Mom and Pop investors are dumping stocks in a way not seen in years. It's probably a bullish sign for the major market indices, if history is anything to go by.
Every month from April through Dec. 30 last year, mutual fund investors yanked money from mutual funds focused on foreign and domestic stocks, according to the latest estimates from the Investment Company Institute.
The total outflows over that period adds to a hefty $98.1 billion, a total which is unlikely to being meaningfully changed when the final day's trading (Dec. 31) is added in.
There hasn't been an outpouring of such magnitude since 2012, when more than $100 billion was withdrawn from similar funds in only the second half of the year.
Stock mutual funds are overwhelmingly owned by small investors, with the ICI estimating a share of around nine out of 10 dollars coming from households rather than from institutional investors such as pension funds.
The move out of stocks by small investors is often a great indicator of what not to do. Mom and Pop tend to sell when the market is down and buy when the market is rallying. In essence, they buy high and sell low, which is the opposite of the usual profit-maximizing maxim, "buy low -- sell high."
After the 2012 selling was over, the Standard & Poor's 500 Index, which is tracked by the SPDR S&P 500 (SPY) - Get SPDR S&P 500 ETF Trust Report exchange-traded fund, surged 41%, not including dividends.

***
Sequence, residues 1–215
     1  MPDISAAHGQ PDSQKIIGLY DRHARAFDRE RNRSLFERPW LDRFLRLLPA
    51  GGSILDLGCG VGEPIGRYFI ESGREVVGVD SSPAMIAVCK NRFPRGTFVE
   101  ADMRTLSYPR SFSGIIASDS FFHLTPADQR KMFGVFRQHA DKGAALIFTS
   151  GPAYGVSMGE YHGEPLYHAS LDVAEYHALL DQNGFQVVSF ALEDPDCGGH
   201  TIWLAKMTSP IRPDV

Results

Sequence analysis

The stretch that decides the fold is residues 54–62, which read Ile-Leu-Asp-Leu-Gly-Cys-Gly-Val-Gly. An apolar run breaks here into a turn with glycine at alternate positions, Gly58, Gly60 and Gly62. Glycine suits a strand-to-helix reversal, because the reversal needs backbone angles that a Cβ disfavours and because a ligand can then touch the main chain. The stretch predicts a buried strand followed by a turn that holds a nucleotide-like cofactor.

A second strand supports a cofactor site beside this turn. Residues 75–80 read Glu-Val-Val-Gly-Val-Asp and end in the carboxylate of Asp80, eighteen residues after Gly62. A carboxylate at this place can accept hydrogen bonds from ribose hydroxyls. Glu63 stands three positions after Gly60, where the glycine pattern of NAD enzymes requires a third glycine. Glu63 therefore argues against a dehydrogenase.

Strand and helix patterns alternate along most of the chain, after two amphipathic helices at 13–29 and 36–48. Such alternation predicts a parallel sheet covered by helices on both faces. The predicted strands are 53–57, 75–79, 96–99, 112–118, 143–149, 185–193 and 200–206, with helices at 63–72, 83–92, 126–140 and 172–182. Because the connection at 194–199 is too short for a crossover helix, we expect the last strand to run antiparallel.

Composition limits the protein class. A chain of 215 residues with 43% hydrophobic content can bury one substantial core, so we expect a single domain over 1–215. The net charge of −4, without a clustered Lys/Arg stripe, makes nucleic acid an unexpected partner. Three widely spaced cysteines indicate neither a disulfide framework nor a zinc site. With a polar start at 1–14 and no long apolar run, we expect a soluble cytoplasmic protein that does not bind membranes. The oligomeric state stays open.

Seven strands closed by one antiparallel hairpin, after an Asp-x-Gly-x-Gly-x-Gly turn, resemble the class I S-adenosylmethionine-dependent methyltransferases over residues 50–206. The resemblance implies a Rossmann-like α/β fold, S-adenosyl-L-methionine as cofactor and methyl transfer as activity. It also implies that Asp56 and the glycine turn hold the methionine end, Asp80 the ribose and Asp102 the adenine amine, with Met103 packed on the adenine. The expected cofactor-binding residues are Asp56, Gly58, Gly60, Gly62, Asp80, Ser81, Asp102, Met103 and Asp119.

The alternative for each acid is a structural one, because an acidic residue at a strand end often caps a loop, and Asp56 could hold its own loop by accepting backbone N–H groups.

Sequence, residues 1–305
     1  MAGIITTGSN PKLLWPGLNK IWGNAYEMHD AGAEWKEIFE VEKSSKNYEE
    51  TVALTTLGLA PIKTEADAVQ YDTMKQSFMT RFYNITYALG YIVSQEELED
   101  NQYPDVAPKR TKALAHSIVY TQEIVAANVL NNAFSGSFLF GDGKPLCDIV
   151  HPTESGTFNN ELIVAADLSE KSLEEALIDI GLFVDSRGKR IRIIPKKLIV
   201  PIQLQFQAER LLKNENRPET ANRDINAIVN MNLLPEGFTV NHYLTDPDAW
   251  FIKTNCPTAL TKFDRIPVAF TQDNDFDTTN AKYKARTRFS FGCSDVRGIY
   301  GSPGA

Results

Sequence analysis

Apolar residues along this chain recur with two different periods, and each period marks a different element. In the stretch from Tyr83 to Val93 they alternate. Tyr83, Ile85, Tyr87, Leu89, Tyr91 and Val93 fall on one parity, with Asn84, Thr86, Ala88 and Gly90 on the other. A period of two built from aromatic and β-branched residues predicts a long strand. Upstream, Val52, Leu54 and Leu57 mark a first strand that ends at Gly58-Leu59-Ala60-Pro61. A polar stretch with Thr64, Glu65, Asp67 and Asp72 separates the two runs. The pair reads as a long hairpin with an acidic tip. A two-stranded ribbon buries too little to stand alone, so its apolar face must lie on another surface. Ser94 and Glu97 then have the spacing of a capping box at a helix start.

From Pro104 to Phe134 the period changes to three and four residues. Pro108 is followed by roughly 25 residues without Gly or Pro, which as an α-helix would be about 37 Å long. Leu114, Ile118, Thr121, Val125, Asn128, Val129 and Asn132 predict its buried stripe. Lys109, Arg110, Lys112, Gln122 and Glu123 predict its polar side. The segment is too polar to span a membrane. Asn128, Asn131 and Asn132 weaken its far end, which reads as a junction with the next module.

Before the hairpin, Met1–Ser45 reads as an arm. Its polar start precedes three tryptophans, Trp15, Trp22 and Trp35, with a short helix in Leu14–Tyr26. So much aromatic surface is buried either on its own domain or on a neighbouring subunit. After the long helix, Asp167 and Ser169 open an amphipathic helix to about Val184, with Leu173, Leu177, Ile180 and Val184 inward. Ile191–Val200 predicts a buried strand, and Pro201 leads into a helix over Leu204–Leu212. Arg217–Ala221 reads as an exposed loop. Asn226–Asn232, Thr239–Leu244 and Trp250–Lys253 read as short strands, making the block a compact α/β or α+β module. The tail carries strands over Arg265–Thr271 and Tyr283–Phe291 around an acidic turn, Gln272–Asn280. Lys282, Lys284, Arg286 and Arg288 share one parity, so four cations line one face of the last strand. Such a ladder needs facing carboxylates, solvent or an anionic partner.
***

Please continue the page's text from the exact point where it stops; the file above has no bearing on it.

It should be clear that selling stock holdings during 2012 was a dumb move. A better move would have been to do the opposite of what Mom and Pop were doing and buy stocks. After all, a rally of 41% is nothing to sneeze at.
Could it be different this time?
Perhaps. Exchange-traded funds, which also capture some small-investor capital, are increasingly popular. That means some of the outflows of cash from mutual funds may have simply been moved to ETFs, where annual expenses are often lower than for actively managed mutual funds.
When you see outflows from stock mutual funds, you also tend to see inflows at ETFs, explains Sean Collins, senior director for industry and financial analysis at the ICI. However, the ETF inflows are a fraction of the mutual fund outflows.
Inflows into domestic equity ETFs in 2012 were about half the level of the domestic stock mutual fund outflows, he says.
"There is some offset there; it wasn't one for one," says Collins.
He also says that the mutual fund redemptions represent a tiny percentage of the overall assets in stock mutual funds, which totaled $8.3 trillion at the end of 2014.
I'd say that the outflows point to some level of heightened fear. The news that China's economy isn't recovering and that North Korea claims to have test-detonated another atomic weapon may encourage more selling by small investors, who foresee drops in the major indices.
That's the key: the outflows are a contrary indicator of sentiment. At least they have been historically. My bet is the indicator continues to work, and that sooner rather than later we'll see stocks surge again.
This article is commentary by an independent contributor. At the time of publication, the author held no positions in the stocks mentioned.